A human can survive up to about 3 weeks if they have access to drinking water, but no food (this will depend on how much fat the person has). However, a human will almost surely die within a week if they don’t have access to water! This puts water at the highest priority for any kind of survival situation when you’re out in the wild regardless of what else is happening. If you don’t have enough water you will also start to tire out early, you may hallucinate, and you won’t be thinking clearly. In times of emergency, you will want to make sure you and your family have sufficient access to purified, distilled (or fresh) drinking water!
Can You Boil Salt Water To Make It Drinkable?
No, boiling salt water will not make it drinkable since it will not remove the salt content within the water! It’s very dangerous to drink even a little salt water due to the concentration of salt. You can even hallucinate if you drink too much (not a good idea for recreational drug users, stick to plants).
Boiling the water, however, is a good idea since it will remove lots of bacteria in the water which will almost definitely make you sick if you drank it! So if you do collect salt water with the intent to drink it, we recommend you boil it a few times to be safe.
To remove the drinking water you can also use drinking tablets like this product here. You can also use a water purification filter as well if you don’t trust tablets! If you’re looking for other tools that will make survival easier, check our multi-tool blog here!
How To Remove Salt From Saltwater
You will have to make a system where you can evaporate and collect the water so you can separate it from the salt. Salt is heavier than water and can’t be evaporated so the water that is evaporated will be salt-free!
Most bacteria, viruses, pathogens, and protozoa (99%) will die off once the temperature reaches or above 158°F. Saltwater will boil at 212°F, so if the water is boiling, it means the things that can make you sick are almost definitely dead!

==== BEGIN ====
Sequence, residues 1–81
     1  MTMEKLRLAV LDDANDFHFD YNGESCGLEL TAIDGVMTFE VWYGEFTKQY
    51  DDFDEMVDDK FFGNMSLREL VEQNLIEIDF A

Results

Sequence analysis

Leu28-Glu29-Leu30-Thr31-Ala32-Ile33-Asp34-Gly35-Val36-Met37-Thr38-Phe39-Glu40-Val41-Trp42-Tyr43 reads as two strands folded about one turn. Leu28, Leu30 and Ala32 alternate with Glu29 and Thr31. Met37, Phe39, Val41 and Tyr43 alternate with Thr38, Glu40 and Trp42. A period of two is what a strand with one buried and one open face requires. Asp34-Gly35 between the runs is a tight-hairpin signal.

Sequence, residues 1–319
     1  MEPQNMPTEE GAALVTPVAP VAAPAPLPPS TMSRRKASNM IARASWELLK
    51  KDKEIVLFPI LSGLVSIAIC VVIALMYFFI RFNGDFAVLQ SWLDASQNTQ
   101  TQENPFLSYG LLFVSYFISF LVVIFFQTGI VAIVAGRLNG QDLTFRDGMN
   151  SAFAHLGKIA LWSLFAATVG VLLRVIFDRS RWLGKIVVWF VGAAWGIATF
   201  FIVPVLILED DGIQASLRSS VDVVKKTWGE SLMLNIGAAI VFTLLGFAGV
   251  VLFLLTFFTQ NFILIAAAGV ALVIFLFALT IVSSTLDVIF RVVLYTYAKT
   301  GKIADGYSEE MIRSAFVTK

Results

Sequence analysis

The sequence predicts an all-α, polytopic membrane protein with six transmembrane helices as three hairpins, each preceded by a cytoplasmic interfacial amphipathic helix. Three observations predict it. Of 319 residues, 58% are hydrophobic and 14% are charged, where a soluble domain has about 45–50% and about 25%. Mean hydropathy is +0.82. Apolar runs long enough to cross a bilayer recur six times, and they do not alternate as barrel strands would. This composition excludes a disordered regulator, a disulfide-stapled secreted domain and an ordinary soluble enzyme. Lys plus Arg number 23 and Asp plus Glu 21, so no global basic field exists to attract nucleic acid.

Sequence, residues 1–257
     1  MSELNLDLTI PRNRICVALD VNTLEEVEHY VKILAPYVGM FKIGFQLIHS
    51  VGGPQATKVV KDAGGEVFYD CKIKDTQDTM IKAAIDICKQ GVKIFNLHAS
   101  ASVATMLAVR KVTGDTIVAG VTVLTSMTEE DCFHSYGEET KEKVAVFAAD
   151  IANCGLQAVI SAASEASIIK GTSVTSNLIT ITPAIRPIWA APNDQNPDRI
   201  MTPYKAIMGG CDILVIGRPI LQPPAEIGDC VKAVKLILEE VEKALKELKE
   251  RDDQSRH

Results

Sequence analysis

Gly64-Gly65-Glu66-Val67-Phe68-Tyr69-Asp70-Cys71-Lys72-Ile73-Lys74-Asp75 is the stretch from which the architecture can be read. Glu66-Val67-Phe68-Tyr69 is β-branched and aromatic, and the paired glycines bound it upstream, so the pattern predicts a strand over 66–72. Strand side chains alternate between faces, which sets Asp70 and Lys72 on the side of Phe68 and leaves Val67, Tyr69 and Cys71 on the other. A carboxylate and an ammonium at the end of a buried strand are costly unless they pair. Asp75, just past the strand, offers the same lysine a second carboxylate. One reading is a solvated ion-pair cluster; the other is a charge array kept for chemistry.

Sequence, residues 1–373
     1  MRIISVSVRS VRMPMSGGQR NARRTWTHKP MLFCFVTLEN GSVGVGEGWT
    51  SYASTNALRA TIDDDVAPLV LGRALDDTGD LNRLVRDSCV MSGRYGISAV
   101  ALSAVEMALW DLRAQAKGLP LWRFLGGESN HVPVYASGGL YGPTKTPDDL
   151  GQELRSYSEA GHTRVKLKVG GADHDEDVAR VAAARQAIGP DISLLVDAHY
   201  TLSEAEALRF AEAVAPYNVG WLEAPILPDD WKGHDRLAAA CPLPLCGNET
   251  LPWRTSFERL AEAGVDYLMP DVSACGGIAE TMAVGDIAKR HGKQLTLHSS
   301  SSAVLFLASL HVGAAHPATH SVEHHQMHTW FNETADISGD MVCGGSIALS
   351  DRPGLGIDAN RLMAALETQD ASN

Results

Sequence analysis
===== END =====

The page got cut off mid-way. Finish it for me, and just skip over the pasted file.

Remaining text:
If you do have a bunch of salt water you need to desalinate, the best and easiest method is purchasing a water desalinator like this one here. For this method, you should pack a couple of large tarps, or plastic sheets to accomplish the job, make sure they are bigger than the hole you need to cover so you won’t run out of space. As for the container, you should get something with a wide mouth that can hold a decent amount of water. You will want to let it run the whole day without having to empty the container part of the way through for maximum results. You should also try to leave the water trap undisturbed for as long as possible so you don’t waste any droplets. After it gets cooler and the sun goes down you can collect your water and reset the trap for the next day!
However, if you do not have a desalinator, you will need a shovel (optional), a bucket or Widemouth container, two large waterproof sheets (like plastic), and a few rocks or heavy items to hold down the tarp.
- Dig a fairly large hole (about 3ft by 3ft).
- Line the whole with one of the plastic sheets.
- Pour the water into the whole (the sheet should prevent the water from leaking into the ground).
- Place the container in the center of the hole and make sure it is weighed down so it does not float.
- Cover the whole with the other plastic sheet (use rocks around the outside to weigh down the sheet).
- Place a rock in the center of the whole above the container to direct the evaporated water droplets.
The water you poured into the hole should slowly begin to evaporate and condense on the top plastic sheet. After a while, the droplets will run down the sheet toward the rock in the middle and drop into the container. If you do this on a fairly hot day you can get as much as a quart of water in a day or maybe more depending on how good the setup is.
Make sure you monitor your desalinization system so you can maximize its efficiency. You will also want to double-check that all the water is dripping directly into the container so that you do not waste any as that would defy the point of this.
If you have cookware available then there is a second way to do this that may yield results faster than the first method, you will need:
- A cooking pot or heatproof container
- A condenser or cooling tube
- A second container to collect the condensation
- Fill your cooking pot with seawater;
- Insert one end of the cooling tube into the pot above the water level;
- Secure the pot with a lid;
- Place the other end of the tube in the second container;
- Place the water-filled container on fire or similar heat source;
- Heat the pot until the water starts to boil;
- As the water boils, so the vapor travels through the tube, where it cools and condenses;
- This freshwater will collect in your second container.
The bigger the pot will be better so you can put as much water as you can in one go. Once the water is desalinated you won’t need to worry about it again. Although, if the water is stored in an open container, you may want to boil it before drinking just in case some new bacteria gets a ride!
Food and water are both important in any survival situation, but you will die much faster if you don’t have a drinkable water source. Make sure you purify and distill all your drinking water if you have to use salt water. We recommend of course, that you get fresh water, as you can skip the distilling process which will save tons of time